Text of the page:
About Asansol

Asansol a coal-mining-industrial-commercial centre, is the second largest city in West Bengal, after Kolkata. It is the 29th most populous city in India, with over a million residents. It is a sub-division located in Bardhaman District, in the western periphery of the state.

The entire stretch from Andal to Barakar and covering Raniganj, Jamuria , Asansol, Burnpur , Neamatpur , Kulti and Barakar , composed of a long stretch of about 40 kilometres along Grand Trunk Road forms one urban agglomeration, all of which falls within Asansol subdivision. The gaps between the almost contiguous urban centres are filled with collieries and small settlements. It should properly be considered as one city. The Chittaranjan - Rupnarayanpur urban centre is also closely linked. For the purposes of planning the entire stretch from Panagarh to Barakar is overseen by the Asansol Durgapur Development Authority (ADDA).


Initially people of Dravidian and Austroloid stock inhabited this region. Around two thousand five hundred years ago, it became an area of significant Jain activity. According to some, the last Tirthankar of Jain religion, Mahavira Vardhamana, used to live and work in the area. The district and headquarters town thus came to be known as Bardhaman. Some identify the spread of Jainism in West Bengal with the Aryanisation of the region. Evidence of major Jain activity exists in the Jain temples on Pareshnath Hill in neighbouring Jharkhand. There is an old Jain temple at Begunia on the bank of the Barakar river. A number of temples in neighbouring Bankura district also bear evidence of major Jain activity in the region.

Later, the area was possibly part of the Vishnupur kingdom, where the Malla dynasty ruled for around a thousand years till the advent of the British. There is a Vishnupur style temple in Chhotodighari village providing a clue to its links with Vishnupur. The local dialect and culture of the region has closer affinities with those of Bankura and Vishnupur than the other neighbouring areas. It is evident that the area was part of different kingdoms at different points of time.

Development of industries

The extensive growth of railways in the country led to the development of the iron and steel industry. In 1870, James Erskine set up the Bengal Iron Works. It was also known as Barakar Iron Works. Some sources attribute the development to Hoare Miller and Co. of Kolkata. It is possible that James Erskine was an employee of that company. The first blast furnace using coal instead of charcoal went into production at Kulti in 1875. In those days, the place was more easily identified as Kendwa. Kulti was a smaller village than Kendwa.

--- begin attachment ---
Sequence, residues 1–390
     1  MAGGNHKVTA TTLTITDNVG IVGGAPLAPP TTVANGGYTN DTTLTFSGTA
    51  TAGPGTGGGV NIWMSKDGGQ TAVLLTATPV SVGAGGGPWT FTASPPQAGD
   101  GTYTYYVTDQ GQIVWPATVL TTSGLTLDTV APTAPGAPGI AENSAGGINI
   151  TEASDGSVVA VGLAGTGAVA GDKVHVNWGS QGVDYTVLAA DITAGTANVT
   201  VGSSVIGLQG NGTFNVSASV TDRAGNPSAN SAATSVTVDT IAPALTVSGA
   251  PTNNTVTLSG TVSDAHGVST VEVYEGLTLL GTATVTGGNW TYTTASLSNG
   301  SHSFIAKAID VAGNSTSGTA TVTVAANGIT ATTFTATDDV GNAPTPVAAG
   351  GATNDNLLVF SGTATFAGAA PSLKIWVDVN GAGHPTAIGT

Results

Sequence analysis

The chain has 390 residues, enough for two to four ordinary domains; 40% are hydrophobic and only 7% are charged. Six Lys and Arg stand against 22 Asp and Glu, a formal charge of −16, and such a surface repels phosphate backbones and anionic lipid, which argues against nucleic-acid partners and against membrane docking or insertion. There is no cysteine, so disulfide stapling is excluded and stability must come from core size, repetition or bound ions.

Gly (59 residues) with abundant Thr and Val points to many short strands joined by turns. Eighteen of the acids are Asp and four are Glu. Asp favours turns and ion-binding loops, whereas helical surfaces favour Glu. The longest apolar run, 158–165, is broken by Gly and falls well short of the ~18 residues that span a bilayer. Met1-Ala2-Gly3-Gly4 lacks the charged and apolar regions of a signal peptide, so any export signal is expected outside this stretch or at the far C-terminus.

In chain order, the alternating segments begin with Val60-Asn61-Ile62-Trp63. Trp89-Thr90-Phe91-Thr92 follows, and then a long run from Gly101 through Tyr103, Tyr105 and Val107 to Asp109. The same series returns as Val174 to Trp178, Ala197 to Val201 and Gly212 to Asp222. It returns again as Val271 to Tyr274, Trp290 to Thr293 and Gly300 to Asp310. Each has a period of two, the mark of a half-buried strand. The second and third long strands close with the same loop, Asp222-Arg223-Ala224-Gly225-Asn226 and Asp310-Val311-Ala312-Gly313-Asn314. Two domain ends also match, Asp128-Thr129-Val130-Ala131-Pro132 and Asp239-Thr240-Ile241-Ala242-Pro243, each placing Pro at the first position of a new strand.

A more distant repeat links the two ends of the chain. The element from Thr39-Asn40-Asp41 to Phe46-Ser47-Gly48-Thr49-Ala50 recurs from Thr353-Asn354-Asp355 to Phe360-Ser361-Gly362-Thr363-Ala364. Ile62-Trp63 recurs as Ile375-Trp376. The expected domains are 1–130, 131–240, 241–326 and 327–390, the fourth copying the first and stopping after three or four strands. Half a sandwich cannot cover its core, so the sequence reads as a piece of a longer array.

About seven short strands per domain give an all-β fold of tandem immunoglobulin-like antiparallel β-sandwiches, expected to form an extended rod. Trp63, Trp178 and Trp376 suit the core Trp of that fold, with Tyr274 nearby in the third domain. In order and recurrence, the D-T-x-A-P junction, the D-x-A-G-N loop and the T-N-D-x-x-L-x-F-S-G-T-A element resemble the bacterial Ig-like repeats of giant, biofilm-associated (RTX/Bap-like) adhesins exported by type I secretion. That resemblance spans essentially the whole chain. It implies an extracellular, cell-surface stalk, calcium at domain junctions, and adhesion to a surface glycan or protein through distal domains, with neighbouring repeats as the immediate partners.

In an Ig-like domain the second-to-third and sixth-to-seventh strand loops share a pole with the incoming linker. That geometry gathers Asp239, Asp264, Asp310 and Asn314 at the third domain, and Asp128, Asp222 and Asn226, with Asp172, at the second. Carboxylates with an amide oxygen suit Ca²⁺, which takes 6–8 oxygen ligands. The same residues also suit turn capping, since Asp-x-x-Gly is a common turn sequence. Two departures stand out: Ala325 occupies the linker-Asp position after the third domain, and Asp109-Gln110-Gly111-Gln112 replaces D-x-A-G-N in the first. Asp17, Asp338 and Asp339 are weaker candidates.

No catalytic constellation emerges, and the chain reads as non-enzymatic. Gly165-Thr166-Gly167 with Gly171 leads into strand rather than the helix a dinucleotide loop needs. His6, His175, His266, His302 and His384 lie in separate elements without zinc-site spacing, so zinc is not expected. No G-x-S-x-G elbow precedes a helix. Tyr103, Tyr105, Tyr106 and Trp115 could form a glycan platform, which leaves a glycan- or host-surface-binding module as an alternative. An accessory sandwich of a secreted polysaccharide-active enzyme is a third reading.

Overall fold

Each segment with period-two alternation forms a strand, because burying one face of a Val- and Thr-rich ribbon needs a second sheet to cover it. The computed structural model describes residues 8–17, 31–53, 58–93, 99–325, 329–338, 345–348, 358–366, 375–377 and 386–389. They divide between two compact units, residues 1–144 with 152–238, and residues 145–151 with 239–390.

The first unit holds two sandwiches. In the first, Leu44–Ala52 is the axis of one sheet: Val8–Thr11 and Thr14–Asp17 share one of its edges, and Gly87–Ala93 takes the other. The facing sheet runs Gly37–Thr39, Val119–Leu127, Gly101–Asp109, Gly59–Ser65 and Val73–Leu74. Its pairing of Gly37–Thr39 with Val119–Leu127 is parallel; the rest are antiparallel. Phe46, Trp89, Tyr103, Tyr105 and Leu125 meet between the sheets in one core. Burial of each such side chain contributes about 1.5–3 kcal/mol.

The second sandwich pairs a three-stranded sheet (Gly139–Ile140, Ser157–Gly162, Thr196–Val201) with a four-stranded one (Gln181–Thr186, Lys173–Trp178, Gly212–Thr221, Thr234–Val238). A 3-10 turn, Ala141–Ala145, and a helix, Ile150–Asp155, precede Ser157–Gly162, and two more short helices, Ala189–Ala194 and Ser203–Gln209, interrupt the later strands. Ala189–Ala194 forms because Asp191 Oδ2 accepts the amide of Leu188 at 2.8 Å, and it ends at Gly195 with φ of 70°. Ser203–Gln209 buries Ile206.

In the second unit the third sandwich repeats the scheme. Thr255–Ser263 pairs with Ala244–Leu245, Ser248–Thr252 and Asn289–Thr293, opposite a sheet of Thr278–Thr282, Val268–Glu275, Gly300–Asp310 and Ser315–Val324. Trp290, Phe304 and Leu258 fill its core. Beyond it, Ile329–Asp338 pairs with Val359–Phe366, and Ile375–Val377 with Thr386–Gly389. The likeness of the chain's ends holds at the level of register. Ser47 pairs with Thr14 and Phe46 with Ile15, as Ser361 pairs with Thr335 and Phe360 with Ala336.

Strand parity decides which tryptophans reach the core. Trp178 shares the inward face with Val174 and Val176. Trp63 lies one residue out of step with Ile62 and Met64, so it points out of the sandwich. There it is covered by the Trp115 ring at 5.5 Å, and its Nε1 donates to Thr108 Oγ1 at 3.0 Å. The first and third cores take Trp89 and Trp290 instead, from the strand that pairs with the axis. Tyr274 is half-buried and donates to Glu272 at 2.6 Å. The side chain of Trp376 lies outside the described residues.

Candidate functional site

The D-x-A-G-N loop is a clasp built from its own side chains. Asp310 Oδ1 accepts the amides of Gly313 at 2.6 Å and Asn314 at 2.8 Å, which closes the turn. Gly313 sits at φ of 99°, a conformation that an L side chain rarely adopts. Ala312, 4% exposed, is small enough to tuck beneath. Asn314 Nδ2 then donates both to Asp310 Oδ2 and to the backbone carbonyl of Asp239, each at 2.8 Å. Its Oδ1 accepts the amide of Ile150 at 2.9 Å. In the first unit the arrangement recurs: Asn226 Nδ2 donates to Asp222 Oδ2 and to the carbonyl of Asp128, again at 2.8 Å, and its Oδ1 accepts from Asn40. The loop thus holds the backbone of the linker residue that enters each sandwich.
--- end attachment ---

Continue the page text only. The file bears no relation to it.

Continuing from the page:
IISCO Steel Plant at BurnpurBurn & Co promoted The Indian Iron and Steel Co. Ltd. in 1918. G.H.Fairhurst is credited with having founded the plant at Burnpur (then better known as Hirapur). Sir Rajendranath Mookerjee and T. Leslie Martin were also associated with it. Sir Biren Mookerjee joined a little later and played a major role in the development of the plant. Iron production started at Burnpur in 1922. Kulti Works of Bengal Iron was merged with IISCO in 1936. Steel Corporation of Bengal (SCOB) set up the steelmaking facilities at Burnpur in 1939. SCOB was merged with IISCO in 1952 and Martin Burn was then the managing agent of the company. Indian Standard Wagon (ISW) (later renamed Burn Standard) set up its wagon factory at Burnpur.

Damodar Valley Corporation, the first multipurpose river valley project in the country, had a major presence in the periphery of the area with two dams at Maithon and Panchet (at both places the river forms the border with Jharkhand). The artificial lakes behind the dams have added considerably to the natural beauty of the area and are centres of picnicking.

Chittaranjan Locomotive Works (CLW) was the first locomotive workshop in India. It has been named after the great freedom fighter, leader and statesman Deshbandhu Chittaranjan Das. It initially produced steam locmotives. The production activity started on 26th January, 1950 the day when India became a Republic. The first steam locomotive Deshbandhu was dedicated to the nation by Dr. Rajendra Prasad, the first President of India. With the roll out of first CLW built WAG-9 electric locomotive Navyug on 14th November 1998, India joined the select club of five countries which can manufacture electric locomotives with 3-phase technology. In 2006, CLW produced Dr Silver, a 6000 HP three-phase locomotive with remote diagnostic system. Until 31st March 2006 CLW has produced 3380 electric locomotives.

Sen Raleigh Industries started production in their cycle factory at Kanyapur, near Asansol, in 1949. Pilkington set up a glass factory at Asansol. The Jaykay group established an aluminium plant at Jaykaynagar, near Asansol. The Dhakeswari textile mill was set up at Suryanagar on the banks of the Damodar. Bengal Paper Mill was established at Ballabhpur, Ranigunj. Hindustan Cables Ltd. set up their plant at Rupnarayanpur.

The steel industry was expanded in a big way. A new plant was set up in neighbouring Durgapur. The plant at Burnpur was expanded. There also was considerable expansion of townships and other facilities. Nehru Park (formerly Lahmeyer Park) was built utilising the natural contour of the terrain on the banks of the Damodar. The airstrip at Burnpur can handle small aircraft.